Dr. Mahmoud Hussein’s research transcends a given culture or discipline. An early contributor to the field of phononics, Hussein has helped reshape and expand the landscape of international research in ‘dynamics of materials’.
Hussein provides an overview of phononics and its interdisciplinary roots:
“Phononics resembles electronics and photonics. Electronics and photonics are concerned with the study and manipulation of electrons and light, respectively, while phononics is concerned with the understanding and manipulation of sound. Many researchers from different disciplines were interested in mechanical wave behavior in periodic media, each for their own applications. It became apparent that there was a common denominator between these disciplines. From this commonality, phononics emerged.”
The distinguishing feature of phononics is its focus on the manipulation of vibrations at the material level, as opposed to the structural level. Hussein notes:
“With a [materials level] perspective, you can engineer the internal structure of materials. When you do that, you open the door for a remarkable ability to influence intrinsic material properties for a whole range of applications, from vibration isolation to high resolution ultrasonic sensing.”
A specific material property that Hussein has sought to modify through his phononics research is thermal conductivity. In thermoelectric devices, which convert heat to electricity, or vice versa, the desire is to use materials that are good conductors of electricity but poor conductors of heat—two requirements that tend to be at odds with each other in common materials. Thus low thermal conductivity materials with good electrical properties are highly sought for in this application.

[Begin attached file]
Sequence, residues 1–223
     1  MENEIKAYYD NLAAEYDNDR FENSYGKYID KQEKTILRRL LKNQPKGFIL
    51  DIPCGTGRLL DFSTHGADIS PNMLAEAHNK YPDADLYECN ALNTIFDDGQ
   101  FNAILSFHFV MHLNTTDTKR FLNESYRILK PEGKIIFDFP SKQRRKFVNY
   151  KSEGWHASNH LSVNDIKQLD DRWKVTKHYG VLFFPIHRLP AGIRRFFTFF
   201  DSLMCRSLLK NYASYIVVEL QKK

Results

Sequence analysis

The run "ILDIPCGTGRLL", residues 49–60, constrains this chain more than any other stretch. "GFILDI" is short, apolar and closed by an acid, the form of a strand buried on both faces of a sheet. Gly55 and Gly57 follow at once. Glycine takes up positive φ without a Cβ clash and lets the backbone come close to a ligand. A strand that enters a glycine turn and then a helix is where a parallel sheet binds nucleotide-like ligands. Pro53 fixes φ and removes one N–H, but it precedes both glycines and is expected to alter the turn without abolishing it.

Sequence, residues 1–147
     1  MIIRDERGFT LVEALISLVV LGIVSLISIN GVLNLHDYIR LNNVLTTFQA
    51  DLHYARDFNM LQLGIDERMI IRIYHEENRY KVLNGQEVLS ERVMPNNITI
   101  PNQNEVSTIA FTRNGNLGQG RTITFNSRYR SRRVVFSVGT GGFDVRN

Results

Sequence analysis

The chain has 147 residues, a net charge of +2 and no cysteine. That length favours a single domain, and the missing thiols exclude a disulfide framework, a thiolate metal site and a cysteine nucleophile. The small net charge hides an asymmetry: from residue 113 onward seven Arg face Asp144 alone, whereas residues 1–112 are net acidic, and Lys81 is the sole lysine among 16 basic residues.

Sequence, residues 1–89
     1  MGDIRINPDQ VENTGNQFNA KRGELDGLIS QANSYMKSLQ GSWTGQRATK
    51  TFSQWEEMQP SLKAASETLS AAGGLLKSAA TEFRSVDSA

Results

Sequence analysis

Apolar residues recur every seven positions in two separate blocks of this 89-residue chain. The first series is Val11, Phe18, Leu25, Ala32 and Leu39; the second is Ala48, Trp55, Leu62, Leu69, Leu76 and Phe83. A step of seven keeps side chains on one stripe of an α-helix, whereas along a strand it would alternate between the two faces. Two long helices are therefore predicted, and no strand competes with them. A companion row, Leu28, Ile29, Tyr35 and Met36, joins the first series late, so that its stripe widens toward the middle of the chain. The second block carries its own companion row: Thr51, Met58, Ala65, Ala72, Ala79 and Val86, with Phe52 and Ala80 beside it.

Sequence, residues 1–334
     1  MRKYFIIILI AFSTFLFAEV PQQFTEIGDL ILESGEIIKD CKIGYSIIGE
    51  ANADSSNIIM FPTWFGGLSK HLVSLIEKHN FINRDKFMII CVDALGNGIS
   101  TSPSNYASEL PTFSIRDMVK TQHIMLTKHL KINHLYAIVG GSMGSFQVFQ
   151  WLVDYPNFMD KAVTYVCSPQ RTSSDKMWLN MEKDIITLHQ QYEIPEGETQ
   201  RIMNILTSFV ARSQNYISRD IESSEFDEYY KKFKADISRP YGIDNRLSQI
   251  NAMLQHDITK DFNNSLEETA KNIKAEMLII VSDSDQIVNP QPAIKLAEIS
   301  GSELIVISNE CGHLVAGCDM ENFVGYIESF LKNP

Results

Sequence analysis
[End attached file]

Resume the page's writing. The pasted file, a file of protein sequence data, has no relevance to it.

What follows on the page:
Traditionally, researchers have aimed to decrease the thermal conductivity by placing physical obstructions, such as holes or particles, within the internal structure of a material in order to hinder the motion of ‘phonons’. While decreasing heat transfer, this approach concurrently decreases electrical conductivity by impairing electron flow, limiting the material’s thermoelectric efficiency.
With assistance from former graduate student Bruce Davis, Hussein has demonstrated the theoretical viability of decreasing a material’s thermal conductivity, while maintaining its electrical conductivity. He determined that placing minuscule pillars on top of a membrane, made from silicon for example, reduces the membrane’s ability to transport heat. These external nanostructures resonate naturally, sending vibrational waves to obscure the motion of the heat carrying waves traveling through the membrane. This atomic-scale coupling mechanism slows the overall heat transfer while in principle preserving the motion of electrons.
As noted by a Physics focus article on Hussein’s discovery, “this combination [of properties] is critical to thermoelectric devices, which are used for refrigeration and generating electricity.” Hussein is currently collaborating with scientists from NIST, JILA and the CU physics and mechanical engineering departments in conducting experiments to verify the theory.